Monthly Archives: June 2016

Hold Your Water

Two nights ago, in Toronto where I live, a miracle fell from the sky. I’d almost forgotten what a soft summer rain feels like. We’ve had an uncharacteristically dry month. I know my perennials were desperate for a few precious drops of water. Despite my best efforts with the garden hose, a newly planted hedge was showing signs of distress. Certainly my lawn had retreated into a self-induced catatonia. And then, suddenly, wondrously, we were presented with precipitation. All became right again in the world.

Our part of the world, anyway. I’m fully aware that I belong to a privileged few who can actually count on clean water to fall, fairly often, from the clouds. And if it doesn’t, all we have to do is turn a tap. At our command, clean water conveniently flows inside our house. We can have as much as we want, at whatever temperature we desire. My households enjoys two outdoor faucets and eight indoor ones, in addition to multiple fresh-water hookups for toilets and appliances. The rest of my community is similarly fortunate.

In the rest of the world, there are people going without every day. The World Health Organization estimates that 663 million people are without access to suitable drinking water. That means for every single Canadian, there are 19 people somewhere in the world (and sometimes closer to home than you realize) who need clean water.

Yesterday a crew of four cyclists concluded their five-day, 1,000-km fundraising route from Calgary to Vancouver (that’s 620 miles for you imperialists). In order to raise awareness about Wheels for Wells, a charity that contributes to sustainable water projects around the world, the team completed their endurance event through the Rocky Mountains without drinking any bottled or tap water. The cyclists only drank from natural fresh water sources, like streams and lakes.

It may sound like they ought to have had water aplenty, and of course they did. We are in Canada, after all, where we enjoy a full fifth of all the fresh water in the world. But tell me, when’s the last time you drank from a pond? I mean, personally, I live close to a creek, but I also live close to urban runoff, and you wouldn’t catch me dipping into that murky stuff.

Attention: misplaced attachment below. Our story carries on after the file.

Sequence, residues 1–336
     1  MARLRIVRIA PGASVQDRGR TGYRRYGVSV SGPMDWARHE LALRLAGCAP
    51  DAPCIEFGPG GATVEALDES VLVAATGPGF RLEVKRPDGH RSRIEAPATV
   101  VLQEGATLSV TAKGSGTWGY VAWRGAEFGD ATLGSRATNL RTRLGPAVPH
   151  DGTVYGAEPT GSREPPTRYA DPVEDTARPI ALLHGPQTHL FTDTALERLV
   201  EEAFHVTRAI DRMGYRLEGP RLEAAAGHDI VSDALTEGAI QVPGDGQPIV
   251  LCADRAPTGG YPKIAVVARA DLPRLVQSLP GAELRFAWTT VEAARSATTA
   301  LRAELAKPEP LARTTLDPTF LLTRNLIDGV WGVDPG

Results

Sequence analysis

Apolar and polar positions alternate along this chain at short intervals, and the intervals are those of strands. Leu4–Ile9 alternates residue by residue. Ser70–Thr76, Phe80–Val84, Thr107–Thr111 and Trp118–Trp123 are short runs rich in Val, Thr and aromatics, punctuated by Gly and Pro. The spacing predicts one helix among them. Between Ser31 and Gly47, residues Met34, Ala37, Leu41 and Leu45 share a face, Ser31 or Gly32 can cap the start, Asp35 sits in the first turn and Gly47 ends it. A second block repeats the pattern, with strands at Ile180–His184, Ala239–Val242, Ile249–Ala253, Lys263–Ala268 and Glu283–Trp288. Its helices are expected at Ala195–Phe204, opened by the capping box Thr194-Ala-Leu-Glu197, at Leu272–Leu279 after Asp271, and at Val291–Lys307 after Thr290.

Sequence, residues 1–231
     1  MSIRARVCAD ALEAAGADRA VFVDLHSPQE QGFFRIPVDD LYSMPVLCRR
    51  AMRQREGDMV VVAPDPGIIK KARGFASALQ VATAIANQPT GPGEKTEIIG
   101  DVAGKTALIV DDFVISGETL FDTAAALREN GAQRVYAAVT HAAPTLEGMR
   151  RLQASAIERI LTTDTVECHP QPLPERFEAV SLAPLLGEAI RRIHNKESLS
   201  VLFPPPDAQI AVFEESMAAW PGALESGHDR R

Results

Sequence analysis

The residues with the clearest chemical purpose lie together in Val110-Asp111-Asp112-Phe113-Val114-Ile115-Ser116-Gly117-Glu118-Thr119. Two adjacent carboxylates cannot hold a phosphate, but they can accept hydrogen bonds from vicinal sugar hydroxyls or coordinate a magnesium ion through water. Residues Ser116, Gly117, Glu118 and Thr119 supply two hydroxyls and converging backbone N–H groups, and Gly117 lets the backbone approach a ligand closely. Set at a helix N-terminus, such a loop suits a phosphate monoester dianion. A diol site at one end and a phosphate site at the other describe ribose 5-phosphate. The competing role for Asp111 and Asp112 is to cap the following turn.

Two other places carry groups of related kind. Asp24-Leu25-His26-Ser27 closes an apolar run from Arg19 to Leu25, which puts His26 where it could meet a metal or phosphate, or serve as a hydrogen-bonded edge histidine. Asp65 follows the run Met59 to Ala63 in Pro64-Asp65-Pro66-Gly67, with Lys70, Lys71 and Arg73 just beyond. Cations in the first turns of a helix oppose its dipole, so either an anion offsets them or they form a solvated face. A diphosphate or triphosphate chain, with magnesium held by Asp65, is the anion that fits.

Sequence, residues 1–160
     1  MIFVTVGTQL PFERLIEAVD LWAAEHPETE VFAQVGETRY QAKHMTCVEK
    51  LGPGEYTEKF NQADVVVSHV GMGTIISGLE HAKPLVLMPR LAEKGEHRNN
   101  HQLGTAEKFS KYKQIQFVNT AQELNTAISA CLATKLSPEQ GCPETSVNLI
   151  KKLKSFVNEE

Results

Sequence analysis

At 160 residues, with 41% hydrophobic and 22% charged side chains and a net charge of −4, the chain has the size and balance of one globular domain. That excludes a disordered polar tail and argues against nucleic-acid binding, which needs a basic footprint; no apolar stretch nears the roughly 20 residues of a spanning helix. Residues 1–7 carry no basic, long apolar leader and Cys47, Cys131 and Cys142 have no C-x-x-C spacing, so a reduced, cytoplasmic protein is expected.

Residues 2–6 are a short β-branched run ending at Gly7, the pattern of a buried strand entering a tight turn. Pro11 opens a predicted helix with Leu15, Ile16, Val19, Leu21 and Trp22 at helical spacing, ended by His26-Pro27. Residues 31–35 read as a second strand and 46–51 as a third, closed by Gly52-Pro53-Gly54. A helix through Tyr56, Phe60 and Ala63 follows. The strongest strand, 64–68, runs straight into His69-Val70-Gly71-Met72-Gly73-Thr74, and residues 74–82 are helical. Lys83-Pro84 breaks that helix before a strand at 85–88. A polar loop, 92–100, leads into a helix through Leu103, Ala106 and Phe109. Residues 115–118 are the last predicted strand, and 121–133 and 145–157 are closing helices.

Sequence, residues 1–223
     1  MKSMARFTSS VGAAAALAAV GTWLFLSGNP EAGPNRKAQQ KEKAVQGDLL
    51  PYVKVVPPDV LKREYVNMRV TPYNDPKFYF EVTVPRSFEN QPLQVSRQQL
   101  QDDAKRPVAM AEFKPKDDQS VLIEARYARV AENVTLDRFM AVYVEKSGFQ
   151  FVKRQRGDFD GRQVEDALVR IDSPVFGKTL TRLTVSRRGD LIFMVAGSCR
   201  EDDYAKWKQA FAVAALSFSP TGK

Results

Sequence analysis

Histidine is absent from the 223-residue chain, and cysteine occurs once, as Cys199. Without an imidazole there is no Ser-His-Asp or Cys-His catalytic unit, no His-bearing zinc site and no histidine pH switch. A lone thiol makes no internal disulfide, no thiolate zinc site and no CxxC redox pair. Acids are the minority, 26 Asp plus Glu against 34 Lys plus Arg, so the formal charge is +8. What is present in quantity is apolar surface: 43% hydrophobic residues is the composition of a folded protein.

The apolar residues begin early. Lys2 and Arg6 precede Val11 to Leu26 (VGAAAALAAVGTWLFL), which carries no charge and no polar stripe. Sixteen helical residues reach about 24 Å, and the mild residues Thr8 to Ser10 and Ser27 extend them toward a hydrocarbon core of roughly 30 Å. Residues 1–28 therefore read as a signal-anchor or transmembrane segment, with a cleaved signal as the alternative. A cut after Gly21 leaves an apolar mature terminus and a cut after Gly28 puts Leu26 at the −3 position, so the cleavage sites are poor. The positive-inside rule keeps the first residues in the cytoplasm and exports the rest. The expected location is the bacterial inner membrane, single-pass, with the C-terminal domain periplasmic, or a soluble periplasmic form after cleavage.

See how water-spoiled I am?

Props to the cycling team for their achievement. It wasn’t an easy road (no, really, there were a ton of hills), but their dedication helped an important cause. To them I raise a glass – of clean, fresh water, of course.


Cheers. (Photo by khunaspix /

Your Brain Has No-Fault Insurance

Hey, remember that time you cheated, stole, lied or [insert another lapse of ethics here]?

No? If your memory of past transgressions is hazy, there’s a scientific explanation for that. It seems that humans are blessed with “unethical amnesia.” We have trouble recalling our own bad behaviour.

A set of studies at Harvard and Northwestern University shows that when we act dishonourably, we tend to forget the details more quickly compared to other kinds of memories. Apparently, we’re so invested in maintaining a positive self-image that our brains try to avoid any evidence to the contrary. So when people cheat on their taxes or lie to their bosses, they unconsciously refrain from thinking too hard about it – lest it threaten their belief that they are good, kind and pure souls.

What’s the solution? If you start a practice of reflecting back on your day’s deeds, your brain won’t be able to blur out the bad times quite so easily. “A habit of self-reflection helps to keep such memories alive and to learn from them,” co-author Maryam Kouchaki says in a press release.